not facts enough to enable lis to form an intelligent opinion." "But," said another, "what is your opinion?" "My opinion is not the question. What are you to do next?" Wait, observe, and continue to study, was the conclusion.
Our history grew out of our geography, and, as we labored to build up in the mind of the pupil a connected and distinct picture of the skeleton—the mountain system of the globe—and then clothed these gaunt outlines with the trailing robes of continental divisions, showing also the necessary dependence of the water systems upon the great backbone of the continents, so in history we aimed at a unity of conception, we sought to develop an historic sense, which, once acquired, serves as a guide through the mass of unrelated facts filling so large a space in historical works, even of the higher order. This kind of training is too complex for description here.
And so of our methods of discipline: they were all intricate and intimate parts of our whole work. We had no rules, no class-markings, no roll of honor. We rejected the whole military system, as tending to produce mechanical, routine work. The abrupt tone of command was not heard within our walls. Directions were given in the form of requests. Teachers and pupils observed toward each other the usual courtesies of social life. No premium was offered for study. We relied on the natural incentives. Exercise of faculty is the chief source of pleasure in the young, and we furnished abundant scope for it. The time being filled with pleasurable occupations, calling into activity the whole nature, there was less temptation to misdemeanors than in the ordinary conditions of home-life.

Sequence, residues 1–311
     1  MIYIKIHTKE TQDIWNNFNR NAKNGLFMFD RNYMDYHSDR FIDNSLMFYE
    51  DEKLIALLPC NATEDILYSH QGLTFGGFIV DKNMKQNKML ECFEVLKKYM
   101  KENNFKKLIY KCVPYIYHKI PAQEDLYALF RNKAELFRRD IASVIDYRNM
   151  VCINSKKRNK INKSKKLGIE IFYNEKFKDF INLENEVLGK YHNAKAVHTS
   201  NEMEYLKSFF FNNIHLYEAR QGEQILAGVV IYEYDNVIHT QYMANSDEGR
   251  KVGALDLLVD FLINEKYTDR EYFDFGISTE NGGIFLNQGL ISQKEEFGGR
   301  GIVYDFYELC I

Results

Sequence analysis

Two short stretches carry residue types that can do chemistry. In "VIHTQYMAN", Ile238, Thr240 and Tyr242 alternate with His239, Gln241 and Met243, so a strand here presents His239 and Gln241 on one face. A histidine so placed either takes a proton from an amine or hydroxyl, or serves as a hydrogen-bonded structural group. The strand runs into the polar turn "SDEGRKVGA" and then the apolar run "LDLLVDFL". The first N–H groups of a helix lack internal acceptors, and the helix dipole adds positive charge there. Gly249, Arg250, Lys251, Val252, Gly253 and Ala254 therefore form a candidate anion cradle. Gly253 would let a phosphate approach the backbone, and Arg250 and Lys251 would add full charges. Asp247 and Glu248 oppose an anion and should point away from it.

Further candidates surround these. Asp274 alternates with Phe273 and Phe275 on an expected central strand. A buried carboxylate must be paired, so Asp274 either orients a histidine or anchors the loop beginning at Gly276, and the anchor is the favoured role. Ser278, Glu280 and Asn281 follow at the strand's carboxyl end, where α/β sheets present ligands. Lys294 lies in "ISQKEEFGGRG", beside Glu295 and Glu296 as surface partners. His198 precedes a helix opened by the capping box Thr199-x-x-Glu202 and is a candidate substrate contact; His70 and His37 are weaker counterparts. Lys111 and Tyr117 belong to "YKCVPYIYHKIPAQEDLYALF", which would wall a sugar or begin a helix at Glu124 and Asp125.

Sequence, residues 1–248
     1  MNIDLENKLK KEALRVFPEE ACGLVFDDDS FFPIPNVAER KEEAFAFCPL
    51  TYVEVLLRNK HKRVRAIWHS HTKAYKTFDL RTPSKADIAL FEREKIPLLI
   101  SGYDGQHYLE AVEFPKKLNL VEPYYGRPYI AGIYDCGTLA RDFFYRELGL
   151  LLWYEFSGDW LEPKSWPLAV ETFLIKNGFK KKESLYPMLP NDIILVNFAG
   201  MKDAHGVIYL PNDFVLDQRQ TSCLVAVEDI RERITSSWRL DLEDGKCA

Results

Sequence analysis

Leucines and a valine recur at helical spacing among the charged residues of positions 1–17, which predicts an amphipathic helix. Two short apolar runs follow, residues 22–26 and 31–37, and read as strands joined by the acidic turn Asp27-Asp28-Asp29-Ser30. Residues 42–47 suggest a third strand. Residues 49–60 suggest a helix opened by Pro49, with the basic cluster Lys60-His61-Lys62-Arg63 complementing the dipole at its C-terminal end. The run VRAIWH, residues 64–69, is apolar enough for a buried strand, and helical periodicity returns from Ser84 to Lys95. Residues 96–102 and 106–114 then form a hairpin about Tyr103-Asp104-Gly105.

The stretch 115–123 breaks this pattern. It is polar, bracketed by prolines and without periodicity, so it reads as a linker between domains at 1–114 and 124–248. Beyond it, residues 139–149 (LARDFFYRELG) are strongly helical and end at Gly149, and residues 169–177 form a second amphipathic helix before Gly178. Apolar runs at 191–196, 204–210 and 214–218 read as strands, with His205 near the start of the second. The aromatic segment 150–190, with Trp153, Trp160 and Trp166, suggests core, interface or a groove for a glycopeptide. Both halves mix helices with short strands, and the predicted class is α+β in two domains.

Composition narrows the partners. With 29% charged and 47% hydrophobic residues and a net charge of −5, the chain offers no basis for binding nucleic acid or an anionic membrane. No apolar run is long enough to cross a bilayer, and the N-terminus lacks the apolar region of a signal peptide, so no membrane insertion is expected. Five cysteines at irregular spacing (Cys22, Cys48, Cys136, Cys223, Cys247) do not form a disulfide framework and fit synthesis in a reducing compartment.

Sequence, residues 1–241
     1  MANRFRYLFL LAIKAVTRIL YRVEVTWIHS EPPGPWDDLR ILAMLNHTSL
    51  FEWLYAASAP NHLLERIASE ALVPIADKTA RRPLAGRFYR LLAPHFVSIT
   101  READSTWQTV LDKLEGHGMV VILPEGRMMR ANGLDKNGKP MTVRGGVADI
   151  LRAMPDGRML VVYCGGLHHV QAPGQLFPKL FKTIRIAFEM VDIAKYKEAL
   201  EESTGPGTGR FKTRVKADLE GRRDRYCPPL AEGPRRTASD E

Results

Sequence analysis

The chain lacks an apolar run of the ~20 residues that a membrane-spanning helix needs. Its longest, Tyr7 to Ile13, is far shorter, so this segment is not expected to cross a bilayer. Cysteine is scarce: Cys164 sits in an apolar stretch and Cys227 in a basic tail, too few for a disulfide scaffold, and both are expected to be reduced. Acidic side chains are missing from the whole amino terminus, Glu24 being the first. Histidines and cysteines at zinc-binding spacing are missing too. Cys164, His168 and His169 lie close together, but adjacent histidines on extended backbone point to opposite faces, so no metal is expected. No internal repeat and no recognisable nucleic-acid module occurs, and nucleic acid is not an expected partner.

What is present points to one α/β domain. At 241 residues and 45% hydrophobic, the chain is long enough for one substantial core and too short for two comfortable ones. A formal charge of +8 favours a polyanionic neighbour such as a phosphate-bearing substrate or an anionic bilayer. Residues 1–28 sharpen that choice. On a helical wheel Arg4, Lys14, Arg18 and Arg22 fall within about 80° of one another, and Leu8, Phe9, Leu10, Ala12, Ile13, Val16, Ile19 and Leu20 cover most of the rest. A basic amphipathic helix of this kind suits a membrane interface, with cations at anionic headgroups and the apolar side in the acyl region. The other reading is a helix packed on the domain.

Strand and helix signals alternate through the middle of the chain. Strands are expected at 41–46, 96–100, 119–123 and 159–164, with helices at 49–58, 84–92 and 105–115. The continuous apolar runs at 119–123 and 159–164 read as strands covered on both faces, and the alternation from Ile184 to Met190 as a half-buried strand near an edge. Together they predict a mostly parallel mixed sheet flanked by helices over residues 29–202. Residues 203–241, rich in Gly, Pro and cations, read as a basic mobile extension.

Herbert Spencer's essay on moral education will best describe the work as it went on in our school, subject to the imperfections of human nature it is true, but with a result in general most gratifying.
The school as a whole soon attained a character of its own, derived from the aggregate of its members, and, reacting upon them, it became a potent force in stimulating the moral growth of individuals. This aggregate moral power was exerted for the most part unconsciously, but it was effective, and in time reached proportions which rendered my interference unnecessary.
An incident will here illustrate the operation of this power. A youth entered our school who had formerly been employed as train-boy upon the railroad. His experiences had greatly sharpened wits naturally keen, and as he came among us he was plainly seen to be an alien element. His evil propensities soon showed themselves. He told foul stories, but could get no listeners. He tried to pick quarrels with the younger members of the class, but a quiet word from one of the older pupils soon put an end to